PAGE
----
Planet Uranus Discovered

Uranus was discovered by the British astronomer, William Herschel on the 13th of March 1781, but initially reported it (on April 26, 1781) as a "comet".
Uranus had been observed on many occasions before its recognition as a planet, but it was generally mistaken for a star.
He discovered Uranus accidentally with his telescope while surveying all stars down to those about 10 times dimmer than can be seen by the naked eye. One "star" seemed different, and within a year Uranus was shown to follow a planetary orbit. The object was soon universally accepted as a new planet.

Uranus is the seventh planet from the Sun and was the first planet to be discovered with the use of a telescope. Uranus’ most unique feature is that its axis sideways in comparison to other planets i.e. its north and south poles are in line with where other planets have their equators. Uranus is named after the Greek sky deity Ouranos, the earliest of the lords of the heavens.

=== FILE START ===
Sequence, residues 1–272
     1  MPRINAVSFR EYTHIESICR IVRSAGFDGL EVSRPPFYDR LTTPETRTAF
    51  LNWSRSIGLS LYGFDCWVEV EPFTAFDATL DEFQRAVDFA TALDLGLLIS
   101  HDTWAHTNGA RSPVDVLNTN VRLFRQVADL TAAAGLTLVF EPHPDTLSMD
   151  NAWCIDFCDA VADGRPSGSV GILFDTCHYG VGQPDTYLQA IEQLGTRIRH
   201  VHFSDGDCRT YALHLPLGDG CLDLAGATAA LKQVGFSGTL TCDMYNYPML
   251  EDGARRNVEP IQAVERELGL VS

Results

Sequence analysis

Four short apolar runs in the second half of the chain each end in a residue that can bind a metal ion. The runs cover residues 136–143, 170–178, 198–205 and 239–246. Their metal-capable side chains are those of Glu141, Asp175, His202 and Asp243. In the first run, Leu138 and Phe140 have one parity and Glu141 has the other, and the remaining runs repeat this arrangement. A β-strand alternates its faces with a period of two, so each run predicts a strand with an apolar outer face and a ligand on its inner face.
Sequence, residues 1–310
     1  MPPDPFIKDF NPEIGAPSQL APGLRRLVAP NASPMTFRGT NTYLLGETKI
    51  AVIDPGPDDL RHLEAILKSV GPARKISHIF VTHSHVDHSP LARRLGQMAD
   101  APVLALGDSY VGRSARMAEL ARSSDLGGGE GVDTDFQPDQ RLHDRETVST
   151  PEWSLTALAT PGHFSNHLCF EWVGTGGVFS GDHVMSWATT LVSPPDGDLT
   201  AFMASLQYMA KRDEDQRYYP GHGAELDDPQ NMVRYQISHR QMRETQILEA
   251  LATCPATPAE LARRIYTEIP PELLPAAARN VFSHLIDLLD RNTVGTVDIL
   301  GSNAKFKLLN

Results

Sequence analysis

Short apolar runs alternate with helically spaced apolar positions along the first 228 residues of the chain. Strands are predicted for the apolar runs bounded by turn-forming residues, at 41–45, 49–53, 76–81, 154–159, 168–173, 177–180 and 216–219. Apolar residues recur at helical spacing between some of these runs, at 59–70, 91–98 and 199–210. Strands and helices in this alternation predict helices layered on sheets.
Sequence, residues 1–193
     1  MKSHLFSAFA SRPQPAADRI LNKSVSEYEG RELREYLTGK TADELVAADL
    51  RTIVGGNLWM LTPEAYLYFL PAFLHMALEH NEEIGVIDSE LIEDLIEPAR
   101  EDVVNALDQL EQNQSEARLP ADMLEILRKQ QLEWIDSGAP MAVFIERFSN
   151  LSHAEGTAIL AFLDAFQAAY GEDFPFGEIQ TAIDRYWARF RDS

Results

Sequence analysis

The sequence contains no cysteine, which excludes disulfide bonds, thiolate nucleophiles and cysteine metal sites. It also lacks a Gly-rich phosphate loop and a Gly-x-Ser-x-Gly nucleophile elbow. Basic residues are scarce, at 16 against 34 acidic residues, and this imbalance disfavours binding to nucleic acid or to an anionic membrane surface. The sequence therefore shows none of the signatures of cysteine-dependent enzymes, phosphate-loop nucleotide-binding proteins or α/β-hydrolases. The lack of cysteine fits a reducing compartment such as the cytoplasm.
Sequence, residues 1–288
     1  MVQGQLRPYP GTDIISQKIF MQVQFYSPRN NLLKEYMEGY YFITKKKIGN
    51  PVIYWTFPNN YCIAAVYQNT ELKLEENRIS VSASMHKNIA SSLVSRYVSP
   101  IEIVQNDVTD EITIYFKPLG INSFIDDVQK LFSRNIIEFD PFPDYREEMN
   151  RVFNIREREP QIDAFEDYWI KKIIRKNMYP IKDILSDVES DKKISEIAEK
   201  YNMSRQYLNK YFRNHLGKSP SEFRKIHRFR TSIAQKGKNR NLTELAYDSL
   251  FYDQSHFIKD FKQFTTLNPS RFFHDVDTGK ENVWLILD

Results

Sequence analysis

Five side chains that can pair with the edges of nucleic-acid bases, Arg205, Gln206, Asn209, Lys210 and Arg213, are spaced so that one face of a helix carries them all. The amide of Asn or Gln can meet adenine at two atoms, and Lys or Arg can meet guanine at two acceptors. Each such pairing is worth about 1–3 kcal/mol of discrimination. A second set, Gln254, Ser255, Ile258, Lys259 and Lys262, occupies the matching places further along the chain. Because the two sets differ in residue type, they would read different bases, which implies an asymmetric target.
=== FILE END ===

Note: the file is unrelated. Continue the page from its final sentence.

The only spacecraft to visit Uranus is Voyager 2 which passed in 1986 passing at a distance of 81,500 km.
Uranus has two sets of rings, nine inner rings and two outer rings.
The first set of rings was discovered in 1977 and the second set was discovered in 2003 by the Hubble Space Telescope.

Although Uranus is visible to the naked eye, just like the classical planets — Mercury, Venus, Mars, Jupiter, and Saturn — it was long mistaken as a star because of the planet’s dimness and slow orbit.